It’s been a rocky ride for American rapper Mac Miller. Following a breakup from pop sensation Ariana Grande, Miller has comeback to discuss heartbreak and his mental health on his most recent project, Swimming.
Mac hasn’t gone down the route that many of his counterparts did when he entered the game around a decade ago. There was no silly buildup and there was certainly no padding of his album from streams he got months prior. It’s all very traditional, but the sound isn’t the traditional Mac Miller sound.
We know that Mac is diverse, his tracks have been fun and wild and at other times they have been soft and mellow, Swimming falls into the second category. Following his break up from Grande and being arrested for DUI, it makes a great deal of sense that the music matches Mac’s emotions. The soothing and sublime production has layers of deep lyricism discussing Mac’s mental health, his heartache and his sins. While it’s common in rap to listen to people talk about their addictions and their troubles, Mac seems more genuine than most, there’s a connection there, it’s real. Throughout the entire album Mac sticks to the structure, glorious production blended in with heart wrenching emotions and brutally honest lyricism. It makes for easy yet thoughtful listening. The best examples you can find are in the first half of the album.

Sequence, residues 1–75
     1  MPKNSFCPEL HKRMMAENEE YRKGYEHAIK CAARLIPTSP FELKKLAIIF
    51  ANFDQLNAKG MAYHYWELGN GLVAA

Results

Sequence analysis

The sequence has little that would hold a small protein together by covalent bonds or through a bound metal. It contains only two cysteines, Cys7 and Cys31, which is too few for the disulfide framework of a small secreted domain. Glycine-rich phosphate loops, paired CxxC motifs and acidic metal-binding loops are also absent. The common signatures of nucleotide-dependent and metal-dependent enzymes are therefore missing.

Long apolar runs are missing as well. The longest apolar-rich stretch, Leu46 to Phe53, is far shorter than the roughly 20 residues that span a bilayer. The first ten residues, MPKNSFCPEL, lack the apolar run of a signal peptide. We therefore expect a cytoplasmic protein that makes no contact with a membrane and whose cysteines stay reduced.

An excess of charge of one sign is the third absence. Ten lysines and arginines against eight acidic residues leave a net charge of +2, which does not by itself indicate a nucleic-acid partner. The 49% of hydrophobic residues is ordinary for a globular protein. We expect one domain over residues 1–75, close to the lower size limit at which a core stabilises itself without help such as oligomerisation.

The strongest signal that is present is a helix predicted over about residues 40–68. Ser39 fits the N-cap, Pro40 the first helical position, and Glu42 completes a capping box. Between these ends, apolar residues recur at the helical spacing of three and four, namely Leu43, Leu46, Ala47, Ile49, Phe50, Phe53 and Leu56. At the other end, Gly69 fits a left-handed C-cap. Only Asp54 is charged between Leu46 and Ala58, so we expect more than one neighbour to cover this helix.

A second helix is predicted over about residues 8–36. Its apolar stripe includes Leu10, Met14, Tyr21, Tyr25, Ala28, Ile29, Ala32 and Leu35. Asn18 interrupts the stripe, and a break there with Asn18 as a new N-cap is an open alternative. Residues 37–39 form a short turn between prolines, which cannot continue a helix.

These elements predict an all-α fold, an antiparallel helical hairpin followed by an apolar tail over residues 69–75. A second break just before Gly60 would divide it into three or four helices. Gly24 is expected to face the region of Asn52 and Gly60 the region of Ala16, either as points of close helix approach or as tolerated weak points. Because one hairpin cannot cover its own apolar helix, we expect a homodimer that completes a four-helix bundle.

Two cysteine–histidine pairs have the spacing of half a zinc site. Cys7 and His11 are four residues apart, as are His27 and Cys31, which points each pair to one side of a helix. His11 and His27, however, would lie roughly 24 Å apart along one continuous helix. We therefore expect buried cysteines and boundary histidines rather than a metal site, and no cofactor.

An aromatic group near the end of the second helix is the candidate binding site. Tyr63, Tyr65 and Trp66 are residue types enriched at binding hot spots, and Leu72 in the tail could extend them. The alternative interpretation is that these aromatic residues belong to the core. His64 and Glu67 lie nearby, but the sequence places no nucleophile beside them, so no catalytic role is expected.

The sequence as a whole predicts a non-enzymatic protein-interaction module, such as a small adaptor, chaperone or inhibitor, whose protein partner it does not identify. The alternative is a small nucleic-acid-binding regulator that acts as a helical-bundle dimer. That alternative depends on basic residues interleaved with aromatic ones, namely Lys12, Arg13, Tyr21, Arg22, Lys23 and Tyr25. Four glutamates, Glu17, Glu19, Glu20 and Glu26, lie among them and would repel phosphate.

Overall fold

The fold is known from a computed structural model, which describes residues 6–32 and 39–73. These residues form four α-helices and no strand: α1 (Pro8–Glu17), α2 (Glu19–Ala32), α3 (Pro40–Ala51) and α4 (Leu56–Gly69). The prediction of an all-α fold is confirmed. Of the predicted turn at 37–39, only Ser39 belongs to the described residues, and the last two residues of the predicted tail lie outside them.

The biggest strength of this album might also be the biggest misfire of this album. While it’s structure makes for an easy listen, it might get too easy at points. Tracks that are similar on a production scale can soon fade to fillers if the music is background music, this album only works when you’re listening to it in depth.
That’s really the biggest critique of an otherwise solid album. The narrative matches the production and it’s a really great blend. If Mac chooses to go down this route once more, he’ll only improve on it. It’s great to see the once young guns of rap become a staple of it, the evolution of the rap game is a joy to see with guys like Mac, Tyler and Vince all improving massively from a production aspect. While Mac might be slightly behind the guys mentioned, it’s clear that he’s improving and this is arguably his best project to date.